The smell of cut grass.
by Ellen Jo Lancey
(Vernon CT USA)
I was cleaning out my closets yesterday. Getting ready for the change of seasons. I came upon an old jar candle that I’d kept in hopes of re-gifting someday.
I held the jar up and looked for a fragrance label. “Fresh Cut Grass” it said. No wonder I never could find a recipient for this. I would move it with the other candles in my emergency supply kit.
Curious, I opened the jar to smell the fragrance, which was cloying and sweet. It was not at all like the summertime, when the fathers got out of work and the dad army on our street would take turns manicuring their property. They did this after supper. When the sun was still high but not so hot.
I would lay on my back, on my own family’s un-mown lawn, and inhale the heady sweetness that the summer eve’s gust carried to me.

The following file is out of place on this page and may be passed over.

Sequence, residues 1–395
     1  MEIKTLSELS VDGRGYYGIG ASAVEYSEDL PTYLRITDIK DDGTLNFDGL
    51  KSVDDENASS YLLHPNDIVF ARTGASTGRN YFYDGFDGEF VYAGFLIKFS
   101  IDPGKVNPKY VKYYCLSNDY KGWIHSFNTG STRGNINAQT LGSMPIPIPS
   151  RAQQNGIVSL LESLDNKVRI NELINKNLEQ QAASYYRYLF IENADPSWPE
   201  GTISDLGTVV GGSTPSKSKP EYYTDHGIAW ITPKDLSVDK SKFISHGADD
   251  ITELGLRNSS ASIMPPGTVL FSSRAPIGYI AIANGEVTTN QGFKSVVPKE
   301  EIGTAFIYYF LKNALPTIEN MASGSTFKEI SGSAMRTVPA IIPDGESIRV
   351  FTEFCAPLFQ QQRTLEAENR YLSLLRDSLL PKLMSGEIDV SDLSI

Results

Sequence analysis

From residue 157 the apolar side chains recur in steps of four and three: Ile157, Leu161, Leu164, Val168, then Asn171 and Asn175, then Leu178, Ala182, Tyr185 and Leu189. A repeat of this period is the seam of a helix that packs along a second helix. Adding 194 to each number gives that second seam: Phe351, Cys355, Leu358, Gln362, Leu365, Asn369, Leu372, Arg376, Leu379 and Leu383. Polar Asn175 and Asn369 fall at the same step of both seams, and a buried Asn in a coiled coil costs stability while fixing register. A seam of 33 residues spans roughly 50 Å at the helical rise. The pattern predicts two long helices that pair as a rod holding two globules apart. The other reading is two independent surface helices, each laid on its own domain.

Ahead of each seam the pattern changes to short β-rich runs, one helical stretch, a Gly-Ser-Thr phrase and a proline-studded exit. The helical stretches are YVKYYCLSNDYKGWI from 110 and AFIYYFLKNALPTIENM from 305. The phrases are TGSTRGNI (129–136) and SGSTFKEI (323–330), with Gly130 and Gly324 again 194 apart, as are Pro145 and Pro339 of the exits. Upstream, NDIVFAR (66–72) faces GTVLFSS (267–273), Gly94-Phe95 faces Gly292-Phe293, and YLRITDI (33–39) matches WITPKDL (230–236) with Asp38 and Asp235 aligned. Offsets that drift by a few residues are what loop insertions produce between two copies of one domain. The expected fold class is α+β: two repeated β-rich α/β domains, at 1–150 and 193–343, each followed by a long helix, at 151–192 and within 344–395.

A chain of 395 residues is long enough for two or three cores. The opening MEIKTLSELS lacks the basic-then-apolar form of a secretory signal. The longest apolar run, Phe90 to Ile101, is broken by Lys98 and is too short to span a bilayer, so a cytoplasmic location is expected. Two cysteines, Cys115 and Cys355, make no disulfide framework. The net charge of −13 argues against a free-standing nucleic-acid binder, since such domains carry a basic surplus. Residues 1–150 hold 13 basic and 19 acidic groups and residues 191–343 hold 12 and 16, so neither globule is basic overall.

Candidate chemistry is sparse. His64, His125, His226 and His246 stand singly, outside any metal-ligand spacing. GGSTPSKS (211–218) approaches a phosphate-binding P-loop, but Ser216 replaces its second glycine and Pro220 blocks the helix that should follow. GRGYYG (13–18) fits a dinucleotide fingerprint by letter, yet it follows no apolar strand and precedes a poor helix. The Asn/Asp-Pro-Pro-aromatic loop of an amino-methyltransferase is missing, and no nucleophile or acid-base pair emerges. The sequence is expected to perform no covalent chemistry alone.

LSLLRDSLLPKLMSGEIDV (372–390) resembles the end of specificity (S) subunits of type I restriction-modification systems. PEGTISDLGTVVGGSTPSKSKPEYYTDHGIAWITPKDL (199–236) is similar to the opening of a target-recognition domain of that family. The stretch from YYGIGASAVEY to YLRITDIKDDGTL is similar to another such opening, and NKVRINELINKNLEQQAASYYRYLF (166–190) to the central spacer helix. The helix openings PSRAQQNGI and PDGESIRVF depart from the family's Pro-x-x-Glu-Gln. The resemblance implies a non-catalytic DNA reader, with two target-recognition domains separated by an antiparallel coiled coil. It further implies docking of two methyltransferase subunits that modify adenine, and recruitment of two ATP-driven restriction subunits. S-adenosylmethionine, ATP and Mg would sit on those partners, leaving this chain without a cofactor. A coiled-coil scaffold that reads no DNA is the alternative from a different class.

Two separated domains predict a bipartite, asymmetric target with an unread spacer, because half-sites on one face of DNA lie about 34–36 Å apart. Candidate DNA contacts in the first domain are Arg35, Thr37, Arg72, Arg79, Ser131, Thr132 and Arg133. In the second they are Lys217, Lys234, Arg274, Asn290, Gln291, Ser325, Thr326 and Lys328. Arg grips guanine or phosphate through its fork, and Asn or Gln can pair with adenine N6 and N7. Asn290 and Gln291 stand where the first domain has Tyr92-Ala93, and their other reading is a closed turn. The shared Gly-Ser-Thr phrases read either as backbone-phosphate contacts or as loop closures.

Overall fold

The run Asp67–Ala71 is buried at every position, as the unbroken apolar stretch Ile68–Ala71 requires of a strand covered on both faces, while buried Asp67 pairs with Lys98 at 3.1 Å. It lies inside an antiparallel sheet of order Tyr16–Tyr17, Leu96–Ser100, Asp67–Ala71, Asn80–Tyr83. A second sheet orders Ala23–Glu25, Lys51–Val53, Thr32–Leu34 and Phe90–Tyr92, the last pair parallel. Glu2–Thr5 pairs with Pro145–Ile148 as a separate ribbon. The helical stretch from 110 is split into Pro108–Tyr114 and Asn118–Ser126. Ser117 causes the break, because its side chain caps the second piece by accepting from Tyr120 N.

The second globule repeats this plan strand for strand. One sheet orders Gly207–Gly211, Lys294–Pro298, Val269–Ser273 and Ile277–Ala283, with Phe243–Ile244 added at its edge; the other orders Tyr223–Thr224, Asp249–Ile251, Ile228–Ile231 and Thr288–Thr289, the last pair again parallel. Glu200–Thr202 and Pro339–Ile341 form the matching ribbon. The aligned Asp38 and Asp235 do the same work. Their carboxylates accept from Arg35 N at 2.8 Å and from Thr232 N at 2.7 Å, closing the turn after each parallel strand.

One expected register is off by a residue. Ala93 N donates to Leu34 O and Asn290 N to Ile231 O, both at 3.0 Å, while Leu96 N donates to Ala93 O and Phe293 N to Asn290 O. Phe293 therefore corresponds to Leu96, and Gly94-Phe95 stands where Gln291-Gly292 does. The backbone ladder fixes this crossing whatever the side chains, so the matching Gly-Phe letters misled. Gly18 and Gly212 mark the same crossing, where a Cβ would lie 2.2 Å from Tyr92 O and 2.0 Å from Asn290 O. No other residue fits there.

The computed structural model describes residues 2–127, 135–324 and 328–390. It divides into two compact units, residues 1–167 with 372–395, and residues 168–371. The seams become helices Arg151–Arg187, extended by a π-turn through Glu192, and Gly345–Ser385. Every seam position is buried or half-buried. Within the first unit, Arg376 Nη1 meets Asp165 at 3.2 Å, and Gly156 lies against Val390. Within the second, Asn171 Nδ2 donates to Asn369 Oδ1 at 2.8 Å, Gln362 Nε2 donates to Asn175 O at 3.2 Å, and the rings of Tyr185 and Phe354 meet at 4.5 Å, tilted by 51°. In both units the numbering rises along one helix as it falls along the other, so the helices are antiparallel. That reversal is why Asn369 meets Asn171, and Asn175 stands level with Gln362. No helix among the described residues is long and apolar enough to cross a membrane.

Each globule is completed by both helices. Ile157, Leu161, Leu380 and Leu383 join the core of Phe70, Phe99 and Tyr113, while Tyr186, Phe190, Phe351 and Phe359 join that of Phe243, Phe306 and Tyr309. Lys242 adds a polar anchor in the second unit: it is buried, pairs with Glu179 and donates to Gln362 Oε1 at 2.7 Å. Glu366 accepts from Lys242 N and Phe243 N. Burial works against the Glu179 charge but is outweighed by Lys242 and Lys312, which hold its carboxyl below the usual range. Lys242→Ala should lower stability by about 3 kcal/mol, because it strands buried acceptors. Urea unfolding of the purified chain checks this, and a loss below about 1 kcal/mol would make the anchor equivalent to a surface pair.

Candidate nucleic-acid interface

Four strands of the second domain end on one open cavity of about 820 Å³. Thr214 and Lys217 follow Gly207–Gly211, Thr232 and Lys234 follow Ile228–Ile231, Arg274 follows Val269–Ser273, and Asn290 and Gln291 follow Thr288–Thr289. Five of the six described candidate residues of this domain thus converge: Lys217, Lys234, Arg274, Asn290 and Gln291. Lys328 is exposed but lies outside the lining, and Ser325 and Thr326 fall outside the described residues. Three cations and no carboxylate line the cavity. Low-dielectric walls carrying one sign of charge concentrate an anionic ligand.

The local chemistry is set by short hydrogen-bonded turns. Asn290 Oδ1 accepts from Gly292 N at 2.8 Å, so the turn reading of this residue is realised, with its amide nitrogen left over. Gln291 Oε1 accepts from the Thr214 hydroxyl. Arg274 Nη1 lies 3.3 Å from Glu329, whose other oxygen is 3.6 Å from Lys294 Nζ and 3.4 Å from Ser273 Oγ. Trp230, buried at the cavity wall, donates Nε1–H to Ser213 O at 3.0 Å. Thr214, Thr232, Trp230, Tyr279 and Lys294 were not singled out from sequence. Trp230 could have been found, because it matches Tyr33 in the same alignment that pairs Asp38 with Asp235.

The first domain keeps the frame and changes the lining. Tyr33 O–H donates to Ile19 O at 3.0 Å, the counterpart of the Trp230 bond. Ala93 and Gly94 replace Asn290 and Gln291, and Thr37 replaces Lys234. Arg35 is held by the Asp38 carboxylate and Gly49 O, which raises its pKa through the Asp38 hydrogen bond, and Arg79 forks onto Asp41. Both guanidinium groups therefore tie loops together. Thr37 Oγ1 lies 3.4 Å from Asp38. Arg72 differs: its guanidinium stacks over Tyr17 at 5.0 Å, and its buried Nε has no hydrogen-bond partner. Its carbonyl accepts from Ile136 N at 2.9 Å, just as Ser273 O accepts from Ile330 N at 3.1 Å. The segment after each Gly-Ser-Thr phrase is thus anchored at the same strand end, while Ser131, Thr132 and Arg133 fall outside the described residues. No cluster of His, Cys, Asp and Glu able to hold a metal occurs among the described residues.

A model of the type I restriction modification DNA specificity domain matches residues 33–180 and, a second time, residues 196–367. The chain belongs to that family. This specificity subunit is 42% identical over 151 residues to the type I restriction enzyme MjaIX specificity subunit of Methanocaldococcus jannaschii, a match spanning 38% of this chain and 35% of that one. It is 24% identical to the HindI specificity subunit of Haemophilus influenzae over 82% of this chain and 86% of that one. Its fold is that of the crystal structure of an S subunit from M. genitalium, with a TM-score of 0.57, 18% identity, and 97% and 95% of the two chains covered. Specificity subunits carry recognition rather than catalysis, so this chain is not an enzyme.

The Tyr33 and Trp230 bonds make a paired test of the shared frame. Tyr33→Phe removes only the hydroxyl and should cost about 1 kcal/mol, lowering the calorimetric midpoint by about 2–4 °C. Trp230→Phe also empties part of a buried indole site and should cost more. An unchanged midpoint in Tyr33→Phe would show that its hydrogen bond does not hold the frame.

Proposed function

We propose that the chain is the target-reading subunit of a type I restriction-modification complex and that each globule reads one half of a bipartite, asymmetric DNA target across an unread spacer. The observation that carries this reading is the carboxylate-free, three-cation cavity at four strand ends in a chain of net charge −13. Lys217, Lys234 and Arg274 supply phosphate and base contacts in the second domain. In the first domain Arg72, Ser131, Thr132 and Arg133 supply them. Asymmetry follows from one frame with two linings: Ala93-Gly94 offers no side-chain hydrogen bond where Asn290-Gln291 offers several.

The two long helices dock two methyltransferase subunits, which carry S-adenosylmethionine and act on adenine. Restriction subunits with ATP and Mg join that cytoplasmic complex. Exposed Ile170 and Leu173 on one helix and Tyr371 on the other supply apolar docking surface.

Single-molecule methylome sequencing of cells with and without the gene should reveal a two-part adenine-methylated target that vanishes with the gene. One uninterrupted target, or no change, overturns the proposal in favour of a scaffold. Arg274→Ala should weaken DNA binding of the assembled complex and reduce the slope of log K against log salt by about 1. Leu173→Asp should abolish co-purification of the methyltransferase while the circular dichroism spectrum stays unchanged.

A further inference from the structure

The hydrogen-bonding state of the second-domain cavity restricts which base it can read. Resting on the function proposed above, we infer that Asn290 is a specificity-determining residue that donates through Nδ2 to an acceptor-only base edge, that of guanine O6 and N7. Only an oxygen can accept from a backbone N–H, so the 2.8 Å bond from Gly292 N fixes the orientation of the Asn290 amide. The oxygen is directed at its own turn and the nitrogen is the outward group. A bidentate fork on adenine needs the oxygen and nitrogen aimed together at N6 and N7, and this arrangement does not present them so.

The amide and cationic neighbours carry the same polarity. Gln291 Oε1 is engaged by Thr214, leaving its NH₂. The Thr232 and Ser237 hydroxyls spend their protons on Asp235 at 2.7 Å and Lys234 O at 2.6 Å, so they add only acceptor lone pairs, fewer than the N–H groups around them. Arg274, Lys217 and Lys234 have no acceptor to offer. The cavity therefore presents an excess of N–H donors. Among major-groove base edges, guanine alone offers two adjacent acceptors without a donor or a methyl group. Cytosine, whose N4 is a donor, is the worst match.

The smell stirred up a longing in me that I didn’t understand. A restlessness, sprung from nowhere, leaving me unsure how to respond. Later I would learn what these subtle feelings meant.
The restlessness and thirst would bring me to an early adulthood, one that made me forget to smell the grass. With competition for my time and obligations so strong, I couldn’t look up to smell anything.
Now I am a little older, most of my early adult obligations discharged, I like to scoot around my town on a little moped.
I realize I am the talk of the town, but having sacrificed my teenhood so easily, I feel a need to make a little fun for myself.
Sometimes on a back road country ride I’ll pass a middle-aged man, sweaty, overweight and probably bald under his hat. And he’ll be crisscrossing his lawn on his ride-on- mower. And that intoxicating perfume will waft to my nose. And for a brief moment, I’ll feel that weakness, that unquenchable thirst. And as I drive on, I give my toy horn a little beep.